After graduating college, I started BuzzBurrito, which is a mobile marketing company. I mean, doesn’t that name scream mobile marketing? I bet you thought it was a restaurant selling beer and burritos. So I’m a young entrepreneur, chasing my dreams, and after almost a year, I’ve learned a lot. There’s a lot to learn when you’re fresh out of college and starting a business. It’s one thing to study entrepreneurship, but it’s another thing altogether to entrepreneur. Yes, I used it as a verb. The following are lessons I learned, lessons of a young entrepreneur.
5 Lessons and Observations of a Young Entrepreneur
Entrepreneurs must be self-starters.
That seems obvious but it’s so true. Situations constantly arise in bootstrapping startups in which you need take initiative. You need to be comfortable researching, educating yourself, learning new skills, and applying that newly found knowledge and skills. As an example, during our last partners meeting, the idea of an affiliate program was tossed about. Moving forward, I’ll research and educate myself on affiliate marketing and then apply that information to BuzzBurrito. Startups are full of situations like this, which require you to research, learn new information and skills, and take action.
Start selling NOW!
Start selling as soon as possible! As a perfectionist, I had wanted everything to be perfect before BuzzBurrito started selling its products and services. But when it comes to a startup, you can’t wait for everything to be perfect. It’s not likely that everything will ever be “perfect.” If you’re not selling, you’re not making money and able to pay business expenses, let alone personal expenses. Sales are absolutely necessary to move the startup forward.
Sales aren’t easy. Don’t expect them to be.
As a first-time entrepreneur, I found out that sales are much harder to come by than I expected. During college, I expected us to make sales, but I never planned how to make those sales, which was a big mistake. In the back of my mind, I had hoped social media would play a significant role. But social media can’t be your primary marketing strategy, unless you have a fun and unique consumer product. Cold calling and emailing is much more difficult, but for B2B, it’s absolutely necessary. So be prepared to pick up the phone and call someone you don’t know.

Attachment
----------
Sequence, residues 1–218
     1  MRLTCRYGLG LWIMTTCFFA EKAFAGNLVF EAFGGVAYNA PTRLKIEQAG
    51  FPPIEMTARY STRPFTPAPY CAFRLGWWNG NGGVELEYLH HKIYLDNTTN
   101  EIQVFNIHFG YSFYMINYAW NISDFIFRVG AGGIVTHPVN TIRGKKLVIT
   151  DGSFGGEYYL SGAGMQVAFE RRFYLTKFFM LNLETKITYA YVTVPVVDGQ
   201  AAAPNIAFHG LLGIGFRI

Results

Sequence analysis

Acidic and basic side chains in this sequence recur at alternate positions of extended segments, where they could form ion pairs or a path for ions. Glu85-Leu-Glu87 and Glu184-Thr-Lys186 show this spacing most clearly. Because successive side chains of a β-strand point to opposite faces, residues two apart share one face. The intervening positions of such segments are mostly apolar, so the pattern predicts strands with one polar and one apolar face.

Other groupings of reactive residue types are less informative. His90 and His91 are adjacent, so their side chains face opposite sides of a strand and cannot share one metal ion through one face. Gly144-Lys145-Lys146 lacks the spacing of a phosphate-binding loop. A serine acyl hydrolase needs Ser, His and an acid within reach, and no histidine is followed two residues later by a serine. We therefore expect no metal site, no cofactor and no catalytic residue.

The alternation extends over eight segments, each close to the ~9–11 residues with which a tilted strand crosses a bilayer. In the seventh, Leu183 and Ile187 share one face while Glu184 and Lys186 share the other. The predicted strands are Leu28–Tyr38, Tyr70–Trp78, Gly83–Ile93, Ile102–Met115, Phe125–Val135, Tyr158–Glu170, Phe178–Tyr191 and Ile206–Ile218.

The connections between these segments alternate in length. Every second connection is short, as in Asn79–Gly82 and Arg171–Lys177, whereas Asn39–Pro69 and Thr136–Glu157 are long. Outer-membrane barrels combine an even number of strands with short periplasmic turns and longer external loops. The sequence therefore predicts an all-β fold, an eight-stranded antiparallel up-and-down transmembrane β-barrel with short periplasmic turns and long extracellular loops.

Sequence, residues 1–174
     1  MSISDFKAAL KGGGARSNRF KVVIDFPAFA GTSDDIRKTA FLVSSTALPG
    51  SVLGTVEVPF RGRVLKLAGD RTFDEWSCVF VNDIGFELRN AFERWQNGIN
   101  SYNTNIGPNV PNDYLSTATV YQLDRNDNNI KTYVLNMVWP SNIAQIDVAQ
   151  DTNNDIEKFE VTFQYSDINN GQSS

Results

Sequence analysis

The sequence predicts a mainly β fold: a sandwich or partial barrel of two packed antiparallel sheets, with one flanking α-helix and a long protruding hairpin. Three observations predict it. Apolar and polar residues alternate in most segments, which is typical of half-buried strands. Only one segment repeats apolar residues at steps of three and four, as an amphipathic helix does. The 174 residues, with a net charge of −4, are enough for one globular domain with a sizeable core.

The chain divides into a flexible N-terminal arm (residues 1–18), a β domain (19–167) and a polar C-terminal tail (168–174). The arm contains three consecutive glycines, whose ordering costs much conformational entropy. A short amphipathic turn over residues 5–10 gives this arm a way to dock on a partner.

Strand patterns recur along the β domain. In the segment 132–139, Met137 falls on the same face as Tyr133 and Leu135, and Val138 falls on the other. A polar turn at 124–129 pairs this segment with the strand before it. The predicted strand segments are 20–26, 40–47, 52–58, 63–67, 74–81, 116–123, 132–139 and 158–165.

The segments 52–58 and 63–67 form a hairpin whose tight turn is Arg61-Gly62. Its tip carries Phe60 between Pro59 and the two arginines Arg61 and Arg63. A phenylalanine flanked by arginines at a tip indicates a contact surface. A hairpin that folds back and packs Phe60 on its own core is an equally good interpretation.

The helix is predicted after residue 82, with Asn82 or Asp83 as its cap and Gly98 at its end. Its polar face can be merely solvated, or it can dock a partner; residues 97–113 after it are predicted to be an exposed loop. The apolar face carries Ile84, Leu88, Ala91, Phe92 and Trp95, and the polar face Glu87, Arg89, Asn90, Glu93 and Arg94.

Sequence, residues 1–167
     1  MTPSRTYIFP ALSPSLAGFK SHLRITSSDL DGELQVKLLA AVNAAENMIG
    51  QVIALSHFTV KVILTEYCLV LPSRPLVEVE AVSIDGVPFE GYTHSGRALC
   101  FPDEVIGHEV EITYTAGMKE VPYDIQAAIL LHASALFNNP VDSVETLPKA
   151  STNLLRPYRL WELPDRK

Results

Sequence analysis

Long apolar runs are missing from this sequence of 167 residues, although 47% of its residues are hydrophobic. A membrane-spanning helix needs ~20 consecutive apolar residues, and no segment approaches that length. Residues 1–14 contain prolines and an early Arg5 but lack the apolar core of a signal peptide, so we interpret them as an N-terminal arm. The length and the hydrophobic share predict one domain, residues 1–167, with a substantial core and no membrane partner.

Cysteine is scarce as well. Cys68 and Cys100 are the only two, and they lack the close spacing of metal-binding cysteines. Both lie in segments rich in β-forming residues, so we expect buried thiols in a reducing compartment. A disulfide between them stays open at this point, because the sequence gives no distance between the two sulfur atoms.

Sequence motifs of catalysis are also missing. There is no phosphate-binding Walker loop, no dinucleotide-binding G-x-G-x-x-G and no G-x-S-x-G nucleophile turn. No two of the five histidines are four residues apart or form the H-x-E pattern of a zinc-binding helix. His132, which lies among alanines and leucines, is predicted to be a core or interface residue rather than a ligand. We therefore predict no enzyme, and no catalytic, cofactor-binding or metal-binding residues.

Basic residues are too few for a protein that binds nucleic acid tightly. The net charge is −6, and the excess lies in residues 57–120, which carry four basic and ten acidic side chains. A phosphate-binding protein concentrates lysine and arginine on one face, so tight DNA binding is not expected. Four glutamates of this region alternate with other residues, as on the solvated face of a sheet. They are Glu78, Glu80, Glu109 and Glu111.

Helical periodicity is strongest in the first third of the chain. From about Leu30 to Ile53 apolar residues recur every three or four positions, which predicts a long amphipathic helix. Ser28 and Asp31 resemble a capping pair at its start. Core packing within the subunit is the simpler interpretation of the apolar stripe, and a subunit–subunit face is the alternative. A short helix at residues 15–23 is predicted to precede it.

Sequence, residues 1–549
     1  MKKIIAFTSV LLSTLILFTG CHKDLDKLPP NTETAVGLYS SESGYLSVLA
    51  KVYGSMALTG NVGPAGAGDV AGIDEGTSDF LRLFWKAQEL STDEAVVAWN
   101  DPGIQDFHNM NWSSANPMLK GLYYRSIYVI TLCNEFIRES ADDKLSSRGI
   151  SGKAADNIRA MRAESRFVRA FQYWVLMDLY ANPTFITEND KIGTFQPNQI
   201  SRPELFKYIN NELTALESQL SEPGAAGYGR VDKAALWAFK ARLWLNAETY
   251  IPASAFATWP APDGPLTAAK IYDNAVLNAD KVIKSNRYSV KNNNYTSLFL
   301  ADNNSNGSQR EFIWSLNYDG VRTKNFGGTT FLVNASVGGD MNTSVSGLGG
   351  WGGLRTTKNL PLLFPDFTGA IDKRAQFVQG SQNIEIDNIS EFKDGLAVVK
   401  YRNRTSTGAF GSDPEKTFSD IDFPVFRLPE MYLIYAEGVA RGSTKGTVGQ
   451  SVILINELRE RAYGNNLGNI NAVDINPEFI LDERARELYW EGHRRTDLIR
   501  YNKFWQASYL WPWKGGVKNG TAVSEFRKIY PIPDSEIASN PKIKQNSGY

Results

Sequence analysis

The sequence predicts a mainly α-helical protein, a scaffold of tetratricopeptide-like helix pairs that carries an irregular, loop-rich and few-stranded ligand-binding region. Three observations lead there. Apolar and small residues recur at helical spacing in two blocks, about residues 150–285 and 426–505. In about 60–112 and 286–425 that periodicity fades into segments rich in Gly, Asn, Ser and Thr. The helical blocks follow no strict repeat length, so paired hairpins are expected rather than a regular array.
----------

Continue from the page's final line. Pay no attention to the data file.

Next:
Learn more skills.
The more skills you have, the more you’ll be able to bootstrap your startup and limit expenses. I was introduced to Photoshop as a 12-year-old, thanks to an illegal installation by my brother-in-law. Over the years, I learned how to use Photoshop. Now, I create quality graphics for marketing materials and our clients’ mobile apps. During college, I was introduced to WordPress and SEO, and I continued that education after college. Now, I’m able to develop WordPress sites and optimize them for search engines. Thank goodness our site was developed on WordPress. The more knowledge and skills you have, the more valuable you are to a startup. More skills equal fewer expenses.
Mobile is the future.
According to the Pew Research Center, 58% of Americans possess a smartphone, but that’s not the impressive statistic. 83% of Americans between the ages of 18 and 29 possess a smartphone! Before studying mobile marketing in college, I knew little on how to market through mobile devices. I didn’t even own a smartphone until last June, so I never considered mobile marketing as a way to increase sales and customer loyalty. After studying mobile marketing in college and starting a mobile marketing business, I know it’s the future for businesses. Not only is it future, it’s the present.
Photographs courtesy of Autumn Kern, a photographer in Gettysburg, PA